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Reach new workers earlier, mental health advocates urge

Don Wall
Reach new workers earlier, mental health advocates urge
SCREENSHOT — The IHSA has produced several online mental health videos under the banner Safety Talk.

Better data and research, re-examining the structure of construction work, preparing new workers for the unique rigours of a life in construction, developing sector-specific resources, helping small employers.

Those are among several priorities Ontario construction stakeholders have identified as they search for improvements to the way the sector deals with mental illness and addictions among its workers.

“There’s a lot more resources now than there were,” said Andrew Pariser, chair of the Residential Construction Council of Ontario’s (RESCON) health and safety committee.

“An ounce of prevention is worth a pound of cure, right?”

Both Carmine Tiano, director of occupational health services with the Provincial Building and Construction Trades Council of Ontario, and Patrick McManus, executive director of the Ontario Sewer and Watermain Construction Association, argue a discussion has to take place about the nature of work in the construction sector. McManus noted physically demanding work and other factors lead to stresses and painkillers.

“Part of the discussion is the issue of how we change the way that we do work in order to make it less physically demanding and to avoid those injuries. I think we’ve done a great job there in the last two decades,” he said.

“But there’s still a long way to go.”

 

How do we evaluate the effectiveness of those tools…to reduce the barriers around creating what we refer to as that psychologically safe workplace?

— Dr. Joel Moody

Ontario’s Chief Prevention Officer

 

Tiano said eventually collective bargaining will see employers and workers agreeing that working conditions need to be less onerous.

“Employees and unions need to restructure the way we do work,” said Tiano. “If we don’t, we’re never going to deal with the hazard.

“There needs to be a grown-up discussion on regulating the hours of work that people work across the board. So we don’t make it a construction issue, we make it a societal issue.”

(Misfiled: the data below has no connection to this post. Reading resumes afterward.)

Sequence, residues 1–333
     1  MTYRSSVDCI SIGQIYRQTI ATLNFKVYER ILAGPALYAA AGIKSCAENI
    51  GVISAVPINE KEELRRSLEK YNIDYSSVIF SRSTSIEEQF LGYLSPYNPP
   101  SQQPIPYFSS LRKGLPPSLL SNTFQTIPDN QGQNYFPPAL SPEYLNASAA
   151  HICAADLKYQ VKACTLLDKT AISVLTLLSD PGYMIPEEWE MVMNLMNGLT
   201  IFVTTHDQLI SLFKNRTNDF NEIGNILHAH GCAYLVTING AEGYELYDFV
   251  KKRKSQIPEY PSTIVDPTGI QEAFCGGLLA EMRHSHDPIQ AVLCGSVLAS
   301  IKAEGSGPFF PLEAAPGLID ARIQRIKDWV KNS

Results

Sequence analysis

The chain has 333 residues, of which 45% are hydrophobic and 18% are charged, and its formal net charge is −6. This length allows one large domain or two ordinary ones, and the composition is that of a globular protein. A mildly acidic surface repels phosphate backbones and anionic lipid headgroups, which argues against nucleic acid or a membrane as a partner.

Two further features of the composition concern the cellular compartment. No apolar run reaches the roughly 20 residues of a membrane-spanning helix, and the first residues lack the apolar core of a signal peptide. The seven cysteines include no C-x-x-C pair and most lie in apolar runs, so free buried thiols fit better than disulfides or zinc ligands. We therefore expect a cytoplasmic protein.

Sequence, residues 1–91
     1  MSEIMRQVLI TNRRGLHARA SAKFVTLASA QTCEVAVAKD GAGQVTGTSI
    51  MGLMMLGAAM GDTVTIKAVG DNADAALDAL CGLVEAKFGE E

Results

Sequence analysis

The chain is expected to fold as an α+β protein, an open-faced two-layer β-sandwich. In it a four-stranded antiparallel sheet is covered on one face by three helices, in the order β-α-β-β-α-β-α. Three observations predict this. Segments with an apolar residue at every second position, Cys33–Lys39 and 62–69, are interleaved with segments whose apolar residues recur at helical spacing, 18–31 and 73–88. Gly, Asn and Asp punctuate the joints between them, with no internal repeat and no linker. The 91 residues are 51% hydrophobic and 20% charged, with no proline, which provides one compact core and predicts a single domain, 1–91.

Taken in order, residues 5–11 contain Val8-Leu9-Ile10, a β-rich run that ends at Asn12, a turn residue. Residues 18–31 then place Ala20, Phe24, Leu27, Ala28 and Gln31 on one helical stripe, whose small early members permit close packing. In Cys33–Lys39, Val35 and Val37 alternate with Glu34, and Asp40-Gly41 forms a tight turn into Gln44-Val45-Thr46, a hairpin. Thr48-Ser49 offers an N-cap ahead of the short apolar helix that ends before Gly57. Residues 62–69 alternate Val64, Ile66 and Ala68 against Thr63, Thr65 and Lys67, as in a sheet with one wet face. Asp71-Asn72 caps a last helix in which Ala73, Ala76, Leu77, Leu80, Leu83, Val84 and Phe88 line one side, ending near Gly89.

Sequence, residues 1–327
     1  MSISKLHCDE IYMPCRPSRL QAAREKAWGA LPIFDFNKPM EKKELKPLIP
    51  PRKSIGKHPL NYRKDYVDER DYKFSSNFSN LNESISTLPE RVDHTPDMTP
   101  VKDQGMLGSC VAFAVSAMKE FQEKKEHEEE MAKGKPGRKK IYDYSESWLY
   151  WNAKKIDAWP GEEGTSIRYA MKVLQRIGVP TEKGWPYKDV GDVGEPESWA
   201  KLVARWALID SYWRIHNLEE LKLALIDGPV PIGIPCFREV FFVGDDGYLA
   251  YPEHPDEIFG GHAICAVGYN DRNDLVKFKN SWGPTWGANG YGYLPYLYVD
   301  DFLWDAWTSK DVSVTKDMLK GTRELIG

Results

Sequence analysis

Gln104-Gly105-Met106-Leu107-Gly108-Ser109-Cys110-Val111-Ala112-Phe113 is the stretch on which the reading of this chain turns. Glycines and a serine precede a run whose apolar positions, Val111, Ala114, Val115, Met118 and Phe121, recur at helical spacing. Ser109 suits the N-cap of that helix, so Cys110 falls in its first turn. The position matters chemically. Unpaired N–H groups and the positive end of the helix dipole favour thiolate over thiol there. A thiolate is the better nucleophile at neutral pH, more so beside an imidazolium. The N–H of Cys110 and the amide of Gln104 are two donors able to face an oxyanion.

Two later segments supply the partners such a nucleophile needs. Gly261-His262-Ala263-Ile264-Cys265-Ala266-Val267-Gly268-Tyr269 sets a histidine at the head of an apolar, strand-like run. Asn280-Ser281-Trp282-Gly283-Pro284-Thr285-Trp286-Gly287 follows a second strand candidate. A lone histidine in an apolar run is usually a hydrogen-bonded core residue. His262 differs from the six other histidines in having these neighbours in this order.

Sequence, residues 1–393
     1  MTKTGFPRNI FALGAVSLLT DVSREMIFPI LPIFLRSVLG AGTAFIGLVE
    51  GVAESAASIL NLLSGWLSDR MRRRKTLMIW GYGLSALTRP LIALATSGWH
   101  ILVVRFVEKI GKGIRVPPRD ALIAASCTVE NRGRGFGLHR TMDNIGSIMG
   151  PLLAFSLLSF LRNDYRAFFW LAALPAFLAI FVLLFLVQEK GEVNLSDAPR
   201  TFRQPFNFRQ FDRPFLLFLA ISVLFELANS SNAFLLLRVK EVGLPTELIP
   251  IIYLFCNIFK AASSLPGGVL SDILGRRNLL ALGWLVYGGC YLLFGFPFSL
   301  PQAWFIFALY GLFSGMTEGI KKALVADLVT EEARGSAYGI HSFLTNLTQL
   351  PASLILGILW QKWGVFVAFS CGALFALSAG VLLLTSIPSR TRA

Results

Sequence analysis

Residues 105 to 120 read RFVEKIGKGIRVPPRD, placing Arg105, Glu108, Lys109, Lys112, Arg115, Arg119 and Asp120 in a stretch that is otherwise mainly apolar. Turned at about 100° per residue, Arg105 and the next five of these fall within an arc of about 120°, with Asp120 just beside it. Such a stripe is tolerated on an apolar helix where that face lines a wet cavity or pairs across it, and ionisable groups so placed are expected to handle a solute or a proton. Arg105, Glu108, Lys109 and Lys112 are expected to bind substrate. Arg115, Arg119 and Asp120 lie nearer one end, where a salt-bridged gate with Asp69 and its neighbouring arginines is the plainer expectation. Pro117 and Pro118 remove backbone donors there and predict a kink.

The Building Trades have launched a program called Tomorrow’s Trades, spearheaded by program director Adam Melnick, that is running pilot programs across Ontario as an introduction to the trades for vulnerable and underrepresented populations. Tiano noted the program would be initiating potential workers into the skills and other demands of the job and that’s a perfect time to promote mental health awareness.

“We’ve got a cohort of young people about to get into the trades that are being told, here’s a hazard you need to look at,” said Tiano. “It’s a societal hazard and a construction hazard.”

RESCON’s manager of government relations Amina Dibe suggested 2021 was the year of awareness-building and getting in touch with members through surveys. The next step will be to assemble further data and crunch the findings to develop better policy.

Ontario’s Chief Prevention Officer Dr. Joel Moody said undertaking research to understand the effectiveness of programs will be a priority of his office in the coming years.

“As a system over the next five years, we want to prioritize how we can improve communication and co-ordination of the system. How do we evaluate the effectiveness of those tools…to reduce the barriers around creating what we refer to as that psychologically safe workplace.”

Sandro Perruzza, CEO of the Ontario Society of Professional Engineers, said his association has recognized the need to develop better policy on mental health issues in engineering but at this point they are still in the planning stages.

Dibe said the sector must find better ways to reach out to workers before problems become crises, citing the Infrastructure Health and Safety Association’s toolbox talk guide as a good start.

“Our audience is different from other industries,” she said. “It’s going back to that culture of construction and how do we tailor our outreach and our resources to make sure that we are actually breaking through and getting to the construction worker.”

Pariser said the construction sector needs to come to grips with how COVID affected workers’ mental health. Once the pandemic is under control, he suggests, some of the health and safety resources now allotted to COVID can be shifted to mental health.

Ontario General Contractors Association president Giovanni Cautillo commented, “We’ve lost people because of COVID, both to the illness but even more so the mental health, and people have felt that languishing, they felt the depression, they felt that pressure on their shoulders.”

In the end, the construction sector must step up to take care of the mental health of its own and also to assume a leadership role in broader society, Cautillo added.

“As a species, we need to help each other out. We need to ensure that we elevate one another, that’s the overriding goal. Especially when it’s a shared trauma like a global pandemic.”

 

Follow the author on Twitter @DonWall_DCN.

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